The potential proteins interacted with lncRNA ELF3-AS1 were identified by RNA pull-down analysis. According to the mass spectrometry (MS) analysis of the differential bands located at 45 Daltons (Fig. 7A), there were 7 proteins with matching coverage greater than 20% (Table S3). Among those proteins, RINI, ILF2 (also known as NF45) and TARBP2, were double-strand RNA (dsRNA) binding proteins (Fig. 7B). Interestingly, another protein named ILF3 (also known as NF90/NF110) was also appeared in the MS results of this band (Fig. 7C). Our subsequent western blot assay further verified that ILF2, ILF3 and TARBP2 could bind to exogenous lncRNA ELF3-AS1 (Fig. 7D). Moreover, CHIRP pulldown assay verified that endogenous ELF3-AS1 was also bound to the ILF2 and ILF3 proteins (Fig. 7E and F). The Venn plot showed that approximately 22 proteins are displayed at the intersection of the three MS results, including ILF2, ILF3, RINI, etc. (Table S3-5, Fig. 7F). To figure out which region of ELF3-AS1 transcript could interact with ILF2 and ILF3, we truncated ELF3-AS1 transcripts of different lengths. After analyzing the proteins pulled down by ELF3-AS1 transcripts of different lengths by western blotting, we found that the first exon region was necessary for the interaction between the ELF3-AS1 transcript and the ILF2/ILF3 complex (Fig 7G). In addition, we detected ELF3 expression in GC cells transfected with ELF3-AS1 transcripts of different lengths. The results showed that only overexpression of ELF3-AS1 transcripts containing exon 1 upregulated ELF3 expression (Fig. 7H). RNA immunoprecipitation assay showed that the ELF3-AS1 transcripts bound to ILF2 and ILF3 proteins were thousands of times higher than the control IgG group (Fig. 7I, J).
The ELF3 gene has different transcripts due to alternative splicing. Among those different types of ELF3 transcripts, ELF3-201, ELF3-202 and ELF3-203 can encode full-length ELF3 protein. The ELF3-201 transcript and the ELF3-AS1 transcript overlapped by about 664 nucleotides (Fig. 8A). In other words, ELF3-AS1 can combine with the first exon region of ELF3-201 to form a double-stranded RNA molecule. On the other hand, RNA-seq analysis revealed that knockdown of ELF3-AS1 had a more profound effect on ELF3-201 expression compared to the ELF3-203 or any other ELF3 transcripts level (Fig. 8B). These data implied that the ILF2/ILF3 complex may bind to the dsRNA formed by ELF3-AS1 and ELF3-201. To further verify this probability, we also examined the ELF3-201 transcript level in the RIP assays of ILF2/ILF3. The ELF3-201 transcripts bound to ILF2 and ILF3 were much higher than those in the control IgG group (Fig. 8C, D), suggesting that ILF2/ILF3 complex could bind to the dsRNA formed by ELF3-AS1 and ELF3-201.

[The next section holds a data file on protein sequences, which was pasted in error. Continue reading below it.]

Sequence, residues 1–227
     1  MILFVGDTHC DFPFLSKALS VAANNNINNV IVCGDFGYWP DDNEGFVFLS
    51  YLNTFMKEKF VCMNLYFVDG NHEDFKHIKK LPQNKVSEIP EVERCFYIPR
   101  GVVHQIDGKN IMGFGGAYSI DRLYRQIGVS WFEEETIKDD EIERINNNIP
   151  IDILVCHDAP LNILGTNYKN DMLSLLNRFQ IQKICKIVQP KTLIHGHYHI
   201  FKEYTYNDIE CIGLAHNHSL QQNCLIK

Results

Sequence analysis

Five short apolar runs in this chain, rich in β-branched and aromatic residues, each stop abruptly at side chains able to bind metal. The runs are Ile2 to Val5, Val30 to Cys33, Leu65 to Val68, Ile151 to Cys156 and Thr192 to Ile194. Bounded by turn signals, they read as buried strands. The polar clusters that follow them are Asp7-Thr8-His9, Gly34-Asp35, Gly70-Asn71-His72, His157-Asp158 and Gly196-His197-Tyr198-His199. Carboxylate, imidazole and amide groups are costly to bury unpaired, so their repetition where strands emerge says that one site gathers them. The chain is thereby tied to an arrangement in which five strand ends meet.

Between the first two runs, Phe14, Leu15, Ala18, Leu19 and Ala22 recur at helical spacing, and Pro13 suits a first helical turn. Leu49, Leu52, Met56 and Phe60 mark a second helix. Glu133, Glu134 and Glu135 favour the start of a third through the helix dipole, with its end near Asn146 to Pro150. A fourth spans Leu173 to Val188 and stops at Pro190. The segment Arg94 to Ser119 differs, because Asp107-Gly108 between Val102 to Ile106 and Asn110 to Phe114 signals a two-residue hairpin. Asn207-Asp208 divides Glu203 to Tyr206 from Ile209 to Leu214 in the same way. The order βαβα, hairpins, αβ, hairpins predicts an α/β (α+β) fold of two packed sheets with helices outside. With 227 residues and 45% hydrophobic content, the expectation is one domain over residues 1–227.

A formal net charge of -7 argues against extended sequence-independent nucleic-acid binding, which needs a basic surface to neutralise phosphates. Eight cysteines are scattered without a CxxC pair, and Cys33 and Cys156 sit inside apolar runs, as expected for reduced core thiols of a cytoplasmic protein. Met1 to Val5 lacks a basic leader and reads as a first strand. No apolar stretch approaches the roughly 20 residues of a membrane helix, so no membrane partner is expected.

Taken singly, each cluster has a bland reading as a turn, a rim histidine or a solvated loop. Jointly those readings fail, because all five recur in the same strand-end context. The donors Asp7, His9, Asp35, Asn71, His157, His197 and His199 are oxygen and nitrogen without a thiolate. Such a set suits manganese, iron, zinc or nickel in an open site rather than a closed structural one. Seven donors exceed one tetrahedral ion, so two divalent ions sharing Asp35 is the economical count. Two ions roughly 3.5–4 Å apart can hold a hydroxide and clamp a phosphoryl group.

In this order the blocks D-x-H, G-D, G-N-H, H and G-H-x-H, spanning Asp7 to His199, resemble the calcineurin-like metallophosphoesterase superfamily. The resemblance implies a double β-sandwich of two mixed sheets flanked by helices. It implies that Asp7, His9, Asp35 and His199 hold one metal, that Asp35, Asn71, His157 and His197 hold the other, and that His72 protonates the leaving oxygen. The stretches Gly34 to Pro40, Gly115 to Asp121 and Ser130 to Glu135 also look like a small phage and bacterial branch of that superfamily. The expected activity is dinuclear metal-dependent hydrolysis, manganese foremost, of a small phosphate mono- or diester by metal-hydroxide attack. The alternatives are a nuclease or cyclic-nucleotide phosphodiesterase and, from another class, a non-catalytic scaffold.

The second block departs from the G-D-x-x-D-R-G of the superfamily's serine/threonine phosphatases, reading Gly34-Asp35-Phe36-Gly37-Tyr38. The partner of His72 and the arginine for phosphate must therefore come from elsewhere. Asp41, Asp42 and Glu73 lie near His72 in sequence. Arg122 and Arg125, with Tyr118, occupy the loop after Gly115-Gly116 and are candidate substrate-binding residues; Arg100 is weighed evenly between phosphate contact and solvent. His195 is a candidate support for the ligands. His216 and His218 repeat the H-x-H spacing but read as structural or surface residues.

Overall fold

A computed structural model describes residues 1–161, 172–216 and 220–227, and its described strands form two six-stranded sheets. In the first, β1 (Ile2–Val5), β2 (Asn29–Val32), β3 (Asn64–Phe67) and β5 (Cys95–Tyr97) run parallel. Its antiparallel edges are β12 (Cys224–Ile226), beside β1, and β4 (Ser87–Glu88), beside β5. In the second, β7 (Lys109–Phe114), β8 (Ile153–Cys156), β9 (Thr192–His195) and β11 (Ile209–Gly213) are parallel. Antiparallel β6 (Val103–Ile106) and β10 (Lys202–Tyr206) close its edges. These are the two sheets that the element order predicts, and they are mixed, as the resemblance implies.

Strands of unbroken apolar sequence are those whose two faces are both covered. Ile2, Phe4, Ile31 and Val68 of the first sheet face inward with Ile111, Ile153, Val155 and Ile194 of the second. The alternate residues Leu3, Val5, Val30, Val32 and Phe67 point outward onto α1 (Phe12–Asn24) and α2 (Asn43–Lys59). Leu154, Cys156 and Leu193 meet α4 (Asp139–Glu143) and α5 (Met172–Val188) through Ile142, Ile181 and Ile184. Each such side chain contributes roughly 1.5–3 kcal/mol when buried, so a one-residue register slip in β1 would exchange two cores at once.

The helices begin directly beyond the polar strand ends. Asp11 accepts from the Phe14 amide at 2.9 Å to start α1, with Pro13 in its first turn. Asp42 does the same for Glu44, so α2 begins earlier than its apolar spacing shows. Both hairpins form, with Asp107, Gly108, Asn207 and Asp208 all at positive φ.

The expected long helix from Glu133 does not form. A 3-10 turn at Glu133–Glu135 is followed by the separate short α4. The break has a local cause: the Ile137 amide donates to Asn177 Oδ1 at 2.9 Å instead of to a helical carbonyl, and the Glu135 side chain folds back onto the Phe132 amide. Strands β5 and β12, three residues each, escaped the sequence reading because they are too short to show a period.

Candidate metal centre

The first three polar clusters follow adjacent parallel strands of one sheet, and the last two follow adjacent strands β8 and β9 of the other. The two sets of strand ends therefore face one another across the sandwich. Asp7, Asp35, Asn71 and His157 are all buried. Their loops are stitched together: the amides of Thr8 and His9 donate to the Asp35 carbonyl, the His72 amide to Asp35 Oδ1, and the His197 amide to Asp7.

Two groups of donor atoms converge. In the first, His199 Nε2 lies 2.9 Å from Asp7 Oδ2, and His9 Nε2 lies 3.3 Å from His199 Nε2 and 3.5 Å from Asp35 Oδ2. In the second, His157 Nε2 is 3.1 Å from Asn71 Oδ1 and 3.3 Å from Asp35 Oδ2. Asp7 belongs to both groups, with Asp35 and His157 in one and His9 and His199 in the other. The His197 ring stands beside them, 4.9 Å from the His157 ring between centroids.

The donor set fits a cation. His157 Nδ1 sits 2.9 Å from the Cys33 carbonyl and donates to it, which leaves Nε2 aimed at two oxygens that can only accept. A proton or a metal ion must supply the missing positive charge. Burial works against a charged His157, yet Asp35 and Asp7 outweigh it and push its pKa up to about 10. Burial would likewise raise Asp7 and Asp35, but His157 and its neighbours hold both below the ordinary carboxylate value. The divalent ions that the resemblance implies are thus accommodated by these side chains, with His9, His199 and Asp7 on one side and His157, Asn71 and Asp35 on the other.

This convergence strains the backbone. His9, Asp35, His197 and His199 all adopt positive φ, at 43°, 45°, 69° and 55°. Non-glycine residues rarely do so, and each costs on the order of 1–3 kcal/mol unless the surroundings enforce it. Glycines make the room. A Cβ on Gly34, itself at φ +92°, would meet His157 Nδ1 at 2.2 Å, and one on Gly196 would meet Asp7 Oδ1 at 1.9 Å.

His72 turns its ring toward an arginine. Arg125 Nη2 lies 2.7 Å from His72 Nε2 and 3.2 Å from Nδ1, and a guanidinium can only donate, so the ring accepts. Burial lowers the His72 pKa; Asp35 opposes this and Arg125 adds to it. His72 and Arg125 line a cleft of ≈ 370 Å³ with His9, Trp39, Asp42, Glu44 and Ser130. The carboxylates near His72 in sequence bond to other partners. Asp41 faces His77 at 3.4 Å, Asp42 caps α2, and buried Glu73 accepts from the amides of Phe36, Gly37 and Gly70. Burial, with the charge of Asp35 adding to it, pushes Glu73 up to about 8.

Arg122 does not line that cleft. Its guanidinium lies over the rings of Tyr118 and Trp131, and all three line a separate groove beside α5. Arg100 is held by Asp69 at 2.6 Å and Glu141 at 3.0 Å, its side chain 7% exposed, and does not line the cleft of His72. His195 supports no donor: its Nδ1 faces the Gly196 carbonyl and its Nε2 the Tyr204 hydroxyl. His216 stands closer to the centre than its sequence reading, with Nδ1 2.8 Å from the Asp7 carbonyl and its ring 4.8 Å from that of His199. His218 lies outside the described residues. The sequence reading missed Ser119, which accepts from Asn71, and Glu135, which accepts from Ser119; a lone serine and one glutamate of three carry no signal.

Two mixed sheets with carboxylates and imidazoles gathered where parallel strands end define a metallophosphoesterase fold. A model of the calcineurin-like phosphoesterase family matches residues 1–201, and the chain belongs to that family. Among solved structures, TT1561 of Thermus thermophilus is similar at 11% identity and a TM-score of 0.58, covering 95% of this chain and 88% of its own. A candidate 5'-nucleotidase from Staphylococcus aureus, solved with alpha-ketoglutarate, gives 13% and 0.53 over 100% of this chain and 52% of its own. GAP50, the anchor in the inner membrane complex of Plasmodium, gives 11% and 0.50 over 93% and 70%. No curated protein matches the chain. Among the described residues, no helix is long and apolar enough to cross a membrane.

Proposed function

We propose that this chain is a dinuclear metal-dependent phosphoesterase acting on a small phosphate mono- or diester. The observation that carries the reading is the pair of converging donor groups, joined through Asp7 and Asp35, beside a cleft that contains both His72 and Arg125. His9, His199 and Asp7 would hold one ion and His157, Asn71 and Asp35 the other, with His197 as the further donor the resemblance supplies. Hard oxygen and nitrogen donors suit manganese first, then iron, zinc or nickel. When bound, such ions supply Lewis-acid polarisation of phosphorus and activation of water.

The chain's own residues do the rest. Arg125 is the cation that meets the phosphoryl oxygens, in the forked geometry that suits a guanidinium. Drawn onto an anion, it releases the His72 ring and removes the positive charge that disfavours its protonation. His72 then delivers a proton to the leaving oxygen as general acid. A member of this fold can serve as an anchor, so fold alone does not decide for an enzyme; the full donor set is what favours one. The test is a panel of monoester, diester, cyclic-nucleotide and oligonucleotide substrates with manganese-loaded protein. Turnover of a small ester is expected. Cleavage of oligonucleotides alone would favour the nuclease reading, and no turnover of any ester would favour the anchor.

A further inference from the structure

It has been reported that ILF2/ILF3 complex play an important role in regulating mRNA stability . The RNA-seq data and the qPCR assays indicated that knockdown of ILF3 significantly decreased the mRNA level of ELF3-AS1 and ELF3-201, while knockdown of ILF2 significantly increased the mRNA level of ELF3-AS1 and ELF3-201 (Fig. 8E-G, Figure S4A-F). These results suggested that ILF2 and ILF3 protein possessed opposite effects on the stability of ELF3-AS1 transcripts. A previous study reported that NF45 functions as a regulatory subunit in ILF2/ILF3 complexes . Interestingly, we also noted that knockdown of ILF2 could affect the alternative splicing of ILF3 gene (Fig. 8H). Knockdown of ILF2 significantly upregulate the expression of NF90, but significantly decreased the expression of NF110 (Figure S4G-I). Therefore, we speculated that ILF2 might regulate ELF3-AS1 and ELF3-201 expression through affecting the alternative splicing of the ILF3 gene.